What is The Conversation?
Launched in Australia in 2011, and then in the UK in 2013, The Conversation is an independent source of informed opinion from the academic and research community. The Conversation is funded by universities, research institutions, corporate bodies, foundations and reader donations, enabling it to be free for readers and authors. And PhD students may write for The Conversation!
There are 3 main types of article on The Conversation:
- Research led. The research could be ground breaking, naturally appealing or relevant, a surprising connection, or comments on another’s research.
- News led. These could be linked to anniversaries, “world days”, obituaries or an event, e.g. hurricane Harvey. They could relate to a topical question or explanations of terms such as hard/soft Brexit. They might offer a new perspective on a story, or connect research to popular culture (e.g. “scandi-crime” drama)
- Timeless. These are more feature-like, perhaps covering topics like chocolate, weather forecasting, case studies, or historical stories. They may address common or speculative questions. Listicles (5 ways that…) are another type of timeless article.
Over 12,000 authors have written over 20,000 papers – these are published on a creative commons licence and normally around 800 words long.
Why write for The Conversation?
The conversation is considered an expert directory, with publishers and journalists searching here for contacts. The UK Site is well used with about 5 million page views per month. Authors work with professional journalists who can advise on angles, styles and give ideas on who might be interested in your article to help researchers reach a bigger audience.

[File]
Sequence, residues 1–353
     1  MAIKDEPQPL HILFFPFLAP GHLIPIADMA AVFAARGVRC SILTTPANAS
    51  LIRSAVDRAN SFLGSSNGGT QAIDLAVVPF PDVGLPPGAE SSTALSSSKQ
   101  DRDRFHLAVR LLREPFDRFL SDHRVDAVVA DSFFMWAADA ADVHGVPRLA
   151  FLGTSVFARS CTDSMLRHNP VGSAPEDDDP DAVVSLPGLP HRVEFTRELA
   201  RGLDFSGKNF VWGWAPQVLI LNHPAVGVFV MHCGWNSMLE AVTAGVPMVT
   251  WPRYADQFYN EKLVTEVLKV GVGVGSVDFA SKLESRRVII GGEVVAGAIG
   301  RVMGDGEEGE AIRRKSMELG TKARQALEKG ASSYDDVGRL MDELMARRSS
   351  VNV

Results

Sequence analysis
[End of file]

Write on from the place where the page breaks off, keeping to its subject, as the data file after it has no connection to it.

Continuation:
Having an article on The Conversation is a signal that you are interested in public engagement – some researchers become the BBC’s “go-to person on a topic” as a result of writing for The Conversation.
Ok, so how do I get a paper in The Conversation?
There are 3 ways that The Conversation gets papers:
- Commissioning – you could be asked to write something very quickly, but usually have a month to 6 weeks to turn an article around
- Working with press teams in universities
- Pitches from authors
Any tips for pitching?
Pitches should be around 200 words. Pitch before spending time writing the article. Your pitch should be on one of The Conversation’s 3 priority areas:
- Timely evidence-based analysis of issues making the news
- Timeless plain-English explainers of complex issues
- In-depth series or specials or hard evidence stories
Before writing your pitch, undertake a keyword search on your topic to see what has already been published on your topic. Then identify what is most important thing to your readers. Why is this interesting? What is your particular angle? Avoid academic jargon, acronyms, and technical terms. A useful test is whether your story can be summarised in 1 sentence. You could contact the UoB Press Office if you need help formulating your pitch.
To submit a pitch, click on ‘Become an author’. Complete the form by verifying your institution, detailing your education history and setting your account password. The Conversation normally responds to a pitch within 2 days.
So, what kind of news events could you link your research to? Have you used writing to engage the public with your work?